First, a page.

Clinical characteristics of the study population
A total of 2538 participants (1360 men and 1178 women) were included in this study, and 853 (33.61%) had NAFLD. The prevalence of NAFLD was 13.10% in lean participants (BMI < 24 kg/m2) and 53.32% in obese participants (BMI ≥ 24 kg/m2). Comparing clinical characteristics based on NAFLD status (Table 1), we found that both lean and obese NAFLD patients had higher BMI, larger waist circumference, higher systolic and diastolic blood pressure, and elevated serum levels of alanine aminotransferase, γ-glutamyl transpeptidase, triglyceride, uric acid, and fasting glucose, but lower serum HDL-cholesterol levels than corresponding controls. In addition, the vitamin D levels of obese NAFLD patients were lower than those of obese NAFLD-free controls (59.03 ± 19.46 nmol/L versus 63.56 ± 22.09 nmol/L, P < 0.001), but this was not observed in lean participants (Table 1).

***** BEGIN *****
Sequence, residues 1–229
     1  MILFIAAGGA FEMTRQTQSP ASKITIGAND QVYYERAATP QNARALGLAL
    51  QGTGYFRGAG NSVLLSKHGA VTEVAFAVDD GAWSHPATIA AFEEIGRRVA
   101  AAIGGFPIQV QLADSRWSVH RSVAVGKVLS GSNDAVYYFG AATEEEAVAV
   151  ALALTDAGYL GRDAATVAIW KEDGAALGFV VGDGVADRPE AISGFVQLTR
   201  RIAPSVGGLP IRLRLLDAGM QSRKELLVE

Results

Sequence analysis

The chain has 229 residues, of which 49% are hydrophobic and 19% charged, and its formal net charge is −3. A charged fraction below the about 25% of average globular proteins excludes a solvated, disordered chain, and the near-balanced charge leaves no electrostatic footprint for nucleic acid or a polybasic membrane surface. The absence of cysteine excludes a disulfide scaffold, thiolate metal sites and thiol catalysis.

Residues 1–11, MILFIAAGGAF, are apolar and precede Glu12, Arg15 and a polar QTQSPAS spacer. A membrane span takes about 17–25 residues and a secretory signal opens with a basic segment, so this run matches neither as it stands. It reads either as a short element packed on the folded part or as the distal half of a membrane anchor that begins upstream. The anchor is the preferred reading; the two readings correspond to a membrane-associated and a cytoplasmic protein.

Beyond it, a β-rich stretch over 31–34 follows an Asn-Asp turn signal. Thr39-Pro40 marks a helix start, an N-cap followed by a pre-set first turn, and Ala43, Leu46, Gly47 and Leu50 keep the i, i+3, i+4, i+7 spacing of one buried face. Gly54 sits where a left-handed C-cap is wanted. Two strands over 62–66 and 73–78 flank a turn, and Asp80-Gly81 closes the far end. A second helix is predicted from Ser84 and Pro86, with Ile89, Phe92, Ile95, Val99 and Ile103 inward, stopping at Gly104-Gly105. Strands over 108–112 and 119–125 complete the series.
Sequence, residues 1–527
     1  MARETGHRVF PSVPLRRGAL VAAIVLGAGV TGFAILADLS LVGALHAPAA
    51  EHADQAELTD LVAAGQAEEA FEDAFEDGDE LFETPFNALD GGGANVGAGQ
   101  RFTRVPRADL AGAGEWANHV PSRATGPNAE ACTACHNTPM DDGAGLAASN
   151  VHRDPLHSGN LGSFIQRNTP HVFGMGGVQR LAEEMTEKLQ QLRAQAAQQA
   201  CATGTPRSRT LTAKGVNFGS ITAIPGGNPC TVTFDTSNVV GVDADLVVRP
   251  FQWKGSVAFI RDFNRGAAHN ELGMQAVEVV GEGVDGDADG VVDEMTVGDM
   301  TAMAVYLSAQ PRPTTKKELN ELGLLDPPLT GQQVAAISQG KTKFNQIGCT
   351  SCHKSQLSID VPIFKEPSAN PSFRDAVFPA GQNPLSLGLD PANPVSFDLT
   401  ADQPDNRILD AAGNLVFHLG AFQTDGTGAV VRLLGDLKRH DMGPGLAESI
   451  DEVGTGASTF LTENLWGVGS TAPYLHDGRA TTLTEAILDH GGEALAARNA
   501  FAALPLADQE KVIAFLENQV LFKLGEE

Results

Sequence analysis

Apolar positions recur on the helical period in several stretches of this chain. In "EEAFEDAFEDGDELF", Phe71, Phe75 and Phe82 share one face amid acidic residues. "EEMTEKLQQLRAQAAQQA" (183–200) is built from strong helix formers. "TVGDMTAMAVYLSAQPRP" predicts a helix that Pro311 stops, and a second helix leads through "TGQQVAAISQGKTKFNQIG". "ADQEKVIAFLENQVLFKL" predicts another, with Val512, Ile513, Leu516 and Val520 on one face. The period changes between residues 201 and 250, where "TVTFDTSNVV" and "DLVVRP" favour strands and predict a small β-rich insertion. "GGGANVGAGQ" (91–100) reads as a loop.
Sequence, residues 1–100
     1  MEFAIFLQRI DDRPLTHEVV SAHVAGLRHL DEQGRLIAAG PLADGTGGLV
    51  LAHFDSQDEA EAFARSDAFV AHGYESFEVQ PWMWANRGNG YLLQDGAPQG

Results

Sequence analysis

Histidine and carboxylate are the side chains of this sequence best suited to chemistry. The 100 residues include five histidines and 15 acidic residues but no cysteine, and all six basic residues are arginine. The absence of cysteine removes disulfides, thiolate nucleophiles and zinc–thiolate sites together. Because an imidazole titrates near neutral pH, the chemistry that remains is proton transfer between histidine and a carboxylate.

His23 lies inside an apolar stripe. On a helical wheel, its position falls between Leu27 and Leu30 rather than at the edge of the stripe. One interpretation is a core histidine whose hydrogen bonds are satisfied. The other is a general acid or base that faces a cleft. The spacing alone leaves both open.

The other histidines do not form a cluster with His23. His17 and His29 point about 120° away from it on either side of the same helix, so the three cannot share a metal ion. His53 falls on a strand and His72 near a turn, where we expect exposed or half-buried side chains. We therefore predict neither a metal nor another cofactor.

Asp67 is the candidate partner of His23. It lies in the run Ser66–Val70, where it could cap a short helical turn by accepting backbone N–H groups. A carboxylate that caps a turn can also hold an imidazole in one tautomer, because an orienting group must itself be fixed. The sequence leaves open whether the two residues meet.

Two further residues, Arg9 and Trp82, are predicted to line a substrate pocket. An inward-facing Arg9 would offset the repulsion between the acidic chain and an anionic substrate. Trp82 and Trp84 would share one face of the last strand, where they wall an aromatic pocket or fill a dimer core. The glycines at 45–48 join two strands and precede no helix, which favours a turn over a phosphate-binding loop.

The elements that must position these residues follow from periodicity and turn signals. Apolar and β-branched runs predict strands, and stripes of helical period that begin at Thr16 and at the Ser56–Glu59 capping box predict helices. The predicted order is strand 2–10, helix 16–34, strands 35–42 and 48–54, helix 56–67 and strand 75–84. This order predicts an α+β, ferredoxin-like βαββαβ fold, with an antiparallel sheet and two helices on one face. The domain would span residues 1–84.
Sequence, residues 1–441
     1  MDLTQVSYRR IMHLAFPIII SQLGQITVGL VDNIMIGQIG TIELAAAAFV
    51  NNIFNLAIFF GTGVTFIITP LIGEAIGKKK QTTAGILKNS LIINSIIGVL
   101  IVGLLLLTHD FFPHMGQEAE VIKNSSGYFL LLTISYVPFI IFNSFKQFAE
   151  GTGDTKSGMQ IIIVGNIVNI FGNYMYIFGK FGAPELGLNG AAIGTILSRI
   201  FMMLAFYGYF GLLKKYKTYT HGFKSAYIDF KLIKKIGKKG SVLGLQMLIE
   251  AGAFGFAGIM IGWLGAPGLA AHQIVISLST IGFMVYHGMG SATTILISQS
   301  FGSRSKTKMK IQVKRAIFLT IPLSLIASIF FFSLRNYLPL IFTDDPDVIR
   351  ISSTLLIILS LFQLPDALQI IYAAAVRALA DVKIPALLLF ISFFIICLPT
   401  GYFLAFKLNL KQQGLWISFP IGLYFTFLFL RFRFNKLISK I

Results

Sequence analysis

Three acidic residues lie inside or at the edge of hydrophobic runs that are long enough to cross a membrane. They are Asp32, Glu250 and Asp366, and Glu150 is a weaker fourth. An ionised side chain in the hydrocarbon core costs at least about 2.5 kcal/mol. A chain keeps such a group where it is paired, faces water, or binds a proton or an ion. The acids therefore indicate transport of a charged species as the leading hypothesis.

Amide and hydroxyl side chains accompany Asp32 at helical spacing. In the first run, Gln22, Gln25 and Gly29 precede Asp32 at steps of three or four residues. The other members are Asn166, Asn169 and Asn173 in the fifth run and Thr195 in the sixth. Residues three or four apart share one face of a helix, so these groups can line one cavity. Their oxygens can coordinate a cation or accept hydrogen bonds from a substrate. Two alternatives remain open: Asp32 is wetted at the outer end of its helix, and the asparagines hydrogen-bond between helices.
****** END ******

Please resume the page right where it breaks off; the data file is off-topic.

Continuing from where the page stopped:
Association of serum vitamin D level with the prevalence of NAFLD
We classified all of the participants into quartiles by their serum vitamin D levels and analyzed the association of vitamin D quartiles with the prevalence of NAFLD. We found that serum vitamin D quartiles were negatively associated with the prevalence of NAFLD in obese participants (Table 2). The prevalence of NAFLD was 56.54, 59.77, 52.15, and 44.51% in the first, second, third, and fourth quartiles of serum vitamin D in obese participants, respectively (P for trend < 0.01; Table 2). However, serum vitamin D quartiles were not associated with the prevalence of NAFLD in lean participants (Table 2).